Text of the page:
An Expert Guide to Drinking Champagne This New Year’s
He runs a Champagne-centric bar and cellar in Portland, Oregon. She is the doyenne of New York’s wine bar-cum-wine education center Corkbuzz, which offers bottles of bubbles at 50 percent off nightly from 10 p.m. Beyond being bon vivants with two of the coolest jobs in the country, they share one important trait in common: They both want us to drink more Champagne. F&W got them together to distill their collective expertise down to 12 must-try bottles that any budding Champagne fanatic should seek out this season (and, really, any time of the year).
“This is an exciting project,” says Speer. “It’s like giving people a snapshot of what Champagne is all about.” Maniec was stoked to highlight Champagne’s versatility and range of styles. “You can get so much crazier with your pairings with Champagne than you can with still wines,” she says. “If we’re talking about pure, lean styles, you’re in shellfish and scallop territory; then, some of the richer styles like certain saignée rosés—those will work all the way through something like a grilled hanger steak.”
Their back-and-forth banter produced a definitive guide to the best of the région champenoise that spans the spectrum from established Houses to small grower-producers, from non-vintage (a blend of years) to vintage-dated, mono-cépage (produced from a single grape variety) wines to blends of all seven Champagne grapes, bone-dry styles to slightly sweet cuvées—and each sommelier was clued into a new bottle by his or her counterpart along the way.
1. NV Louis Roederer Brut Premier, $45 (all prices retail)
LM: Even though I keep a ton of smaller growers on my wine lists, Roederer is still my go-to. This is a great bottle that over-delivers for its price.
DS: I love Roederer, too! I might opt to bump it up into their vintage Champagne, because once you get into the vintage levels of their wine, they definitely over-deliver. But the non-vintage Brut Premier is a great introduction to their style. They blend in some older wines, so it tends to be rich, round and delicious right off the bat.
LM: That’s exactly why I like it—that little bit of oak aging. It’s a great middle-ground wine that’s not too oxidative or nutty and also not austere. It’s a perfect bottle for your "House Champagne."
2. NV Marc Hébrart Premier Cru Brut Rosé, $55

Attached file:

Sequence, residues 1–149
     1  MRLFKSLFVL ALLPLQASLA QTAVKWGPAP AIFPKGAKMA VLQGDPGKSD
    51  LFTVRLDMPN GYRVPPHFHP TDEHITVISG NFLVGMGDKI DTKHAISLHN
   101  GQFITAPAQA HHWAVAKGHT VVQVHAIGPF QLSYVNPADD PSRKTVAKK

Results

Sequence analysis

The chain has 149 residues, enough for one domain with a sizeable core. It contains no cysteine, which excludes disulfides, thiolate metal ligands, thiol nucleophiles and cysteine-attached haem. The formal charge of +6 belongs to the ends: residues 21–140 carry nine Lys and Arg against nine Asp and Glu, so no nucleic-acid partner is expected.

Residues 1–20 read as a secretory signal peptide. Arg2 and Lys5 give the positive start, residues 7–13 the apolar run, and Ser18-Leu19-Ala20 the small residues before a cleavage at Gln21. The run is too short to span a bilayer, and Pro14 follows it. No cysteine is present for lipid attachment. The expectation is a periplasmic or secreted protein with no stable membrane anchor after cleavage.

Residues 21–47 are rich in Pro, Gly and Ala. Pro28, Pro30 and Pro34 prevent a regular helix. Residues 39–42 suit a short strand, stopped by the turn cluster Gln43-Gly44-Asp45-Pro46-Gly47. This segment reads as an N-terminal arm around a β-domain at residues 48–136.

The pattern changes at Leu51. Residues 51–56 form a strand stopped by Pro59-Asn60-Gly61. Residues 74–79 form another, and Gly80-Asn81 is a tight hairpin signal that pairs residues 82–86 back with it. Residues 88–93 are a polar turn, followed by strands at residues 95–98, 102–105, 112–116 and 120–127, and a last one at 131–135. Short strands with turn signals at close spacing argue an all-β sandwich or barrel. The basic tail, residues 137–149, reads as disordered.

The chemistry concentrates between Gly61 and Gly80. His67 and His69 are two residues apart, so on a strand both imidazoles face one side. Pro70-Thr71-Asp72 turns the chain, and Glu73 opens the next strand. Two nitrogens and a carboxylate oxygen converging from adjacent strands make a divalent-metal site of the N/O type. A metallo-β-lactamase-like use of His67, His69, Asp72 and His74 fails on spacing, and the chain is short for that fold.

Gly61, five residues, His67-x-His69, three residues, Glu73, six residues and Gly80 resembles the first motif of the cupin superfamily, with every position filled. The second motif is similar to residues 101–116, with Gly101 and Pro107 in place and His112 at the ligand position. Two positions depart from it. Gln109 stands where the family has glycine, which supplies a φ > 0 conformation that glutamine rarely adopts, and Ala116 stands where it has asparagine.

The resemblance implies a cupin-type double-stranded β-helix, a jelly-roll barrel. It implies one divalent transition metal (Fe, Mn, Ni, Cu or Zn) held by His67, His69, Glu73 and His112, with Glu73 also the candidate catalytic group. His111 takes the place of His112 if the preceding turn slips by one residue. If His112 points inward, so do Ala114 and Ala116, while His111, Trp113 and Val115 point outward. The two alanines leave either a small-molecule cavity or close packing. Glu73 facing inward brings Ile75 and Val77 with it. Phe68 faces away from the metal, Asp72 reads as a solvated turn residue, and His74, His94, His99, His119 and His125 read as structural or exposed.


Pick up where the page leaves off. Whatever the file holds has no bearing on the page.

DS: I really like everything Hébrart’s doing. All of their Champagnes are really easy to drink, but there’s also some hidden depth and complexity there, and if you’re into wine, you’ll pick up on it. The Brut Rosé is so pretty—it has these delicate floral tones, and it makes everyone I pour it for at the bar super happy.
LM: Such a great choice. If you’re going to go with a blended rosé rather than saignée (where the color comes from the grape skins), this is one that you really want to just sit down with your friends and drink. If there’s food around, great. But it doesn’t necessarily need food to carry it. It stands well on its own.
3. NV Étienne Calsac ‘L’Échappée Belle’ Extra Brut, $48
LM: This is a non-vintage bottle from a grower in Avize that just appeared on the market in the U.S., so I hadn’t heard of it until recently. Calsac has only been making wine since 2010, so he’s a relative newcomer in general, but I really think that if we’re talking about wines that have a distinctive style, this one has to be included. It’s a blend of 95 percent chardonnay and 5 percent pinot noir from his grandparents’ vineyards that used to get leased out to the big Champagne houses. It’s low-dosage and drinks like a Blanc de Blancs. We just used it at our James Beard dinner to pair with scallops, and it was so good, I fell in love with it.
DS: That sounds really cool! I actually don’t know this producer, so it might not make it over to Oregon yet.
LM: I’ll send you a bottle! It’s really that good.
4. NV José Michel Brut Pinot Meunier, $48
DS: José Michel put the pinot meunier grape on the map for Champagne. Now a lot of the hot new growers are bottling meunier-only cuvées, but he was one of the first. And he’s making it in a way that’s approachable for anyone at a great price. Depending on the base vintage, it sometimes shows more earthy, spicy notes. In other years, you might find more of the floral/blue fruit side of the variety. But year in, year out, it always embodies meunier.
LM: Of all of José Michel’s wines, I especially love the Special Club cuvée. But you’re so right that we should have one meunier in the case to round out the selection, and his is the perfect one. It has a really nice approachable fruitiness, and ditto about the savory notes. When I worked a harvest in Champagne, Aurélien Laherte told me that meunier has an inherent savory—almost stemmy—green element. So if you’re looking for a food pairing for herbal ingredients or vegetarian fare, or anything smoked or grilled, meunier is your wine. Think about a smoked duck terrine with an all-meunier Champagne…
LM: Yeah. That’s one of my favorite pairings to date. It really brings out the smoky, savory, peppery elements in the wine.
5. NV Jean Velut Brut Rosé, $50
LM: I love, love, love Jean Velut. He’s way down in Montgueux in the Aube, which is an area known for growing chardonnay because of the outcrop of chalky soil, but this rosé is 100 percent pinot noir. So it’s rare pinot noir planted in white wine terroir. Plus, it’s all saignée method, and you need to have at least one saignée in your cellar. This one is almost magenta in the glass—this really intense color—and it’s so full-bodied it almost drinks like a red wine. If you want something really special, this is your bottle. It’s almost like sparkling Burgundy!
DS: Yeah. It’s delicious. I second everything that Laura says.
LM: I mean, pork tenderloin… pork belly… it can handle all that.
6. NV Waris-Hubert Blanc de Noirs Brut, $52